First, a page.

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In our first episode of the Princh Library Lounge our host Vicky Woolbarn talks with Jane Cowell and Nick Poole about library neutrality and how it plays a part in the day to day of libraries. Our guests are Jane Cowell, Chief Executive Officer at Yarra Plenty Regional library in Australia and Nick Poole, Chief Executive Officer at Charted Institute of library and information professionals (CILIP) in the UK. Check out this episode to hear all the great insights they shared with us!


What is library neutrality in today’s world? Should libraries remain neutral, how can this be done or are they even neutral to begin with?

To explore this topic, we have asked Jane Cowell and Nick Poole to join us for a discussion. Through their expertise and experience in the world of libraries, our guests gave us insights on what it means for a library to be neutral, or if it is even possible for one to be neutral.

The Princh Library Lounge is hosted by Vicky Woolbarn, a Library Innovation Specialist at Princh. Below is a short summary of the different insights our guests provided us. Check out the first episode to hear the great discussion we had!

Can libraries be neutral? And what does the term ’library neutrality’ mean for our guests?

Jane starts the discussion by saying that libraries certainly need to be neutral from a political point of view, as they cannot advocate for one party or another. All they can do is provide fact-based information, so from this people themselves can choose. However, in the case of social issues, it is quite the opposite as libraries cannot be neutral. Jane believes libraries should play an activist role in social inclusion.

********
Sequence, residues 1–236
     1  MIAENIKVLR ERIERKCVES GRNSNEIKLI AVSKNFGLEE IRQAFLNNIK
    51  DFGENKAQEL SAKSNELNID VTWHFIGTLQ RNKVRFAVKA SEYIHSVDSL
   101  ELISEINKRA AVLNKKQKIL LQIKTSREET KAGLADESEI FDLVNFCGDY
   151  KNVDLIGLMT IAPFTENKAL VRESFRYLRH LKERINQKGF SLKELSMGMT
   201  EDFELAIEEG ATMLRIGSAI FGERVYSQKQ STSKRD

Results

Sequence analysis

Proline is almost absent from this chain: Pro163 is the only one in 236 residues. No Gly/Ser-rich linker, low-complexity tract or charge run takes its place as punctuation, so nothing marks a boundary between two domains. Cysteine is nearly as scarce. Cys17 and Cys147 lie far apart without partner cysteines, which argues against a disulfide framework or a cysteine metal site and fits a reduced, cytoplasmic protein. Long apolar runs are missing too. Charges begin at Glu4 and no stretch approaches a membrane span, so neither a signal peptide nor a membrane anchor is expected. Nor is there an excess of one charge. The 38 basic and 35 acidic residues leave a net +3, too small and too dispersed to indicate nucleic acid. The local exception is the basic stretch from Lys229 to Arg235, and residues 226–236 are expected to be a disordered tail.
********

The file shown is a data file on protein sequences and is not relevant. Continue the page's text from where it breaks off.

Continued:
Nick’s perspective is that what libraries offer cannot be considered neutral, to begin with. The values that libraries represent play an activist role both politically and socially.

To learn more about their thoughts on whether libraries are neutral or not listen to the Princh Library Lounge Episode 1.

What is it that libraries can do to actively take part in social inclusion?

Jane adds that there are many ways a library can play a role in social inclusion. One of the roles of libraries is to educate people. Furthermore, educate them about refugees, non-traditional families and more. She thinks libraries are well-positioned to fight against racism, discrimination and fear.

Nick views libraries as a place for universality and equality. In libraries, everybody’s voice is heard, everybody’s story gets told and everybody feels safe and empowered. He agrees with Jane, that since libraries are a safe place, people reconcile within them and are more open to learn about those who they initially feared.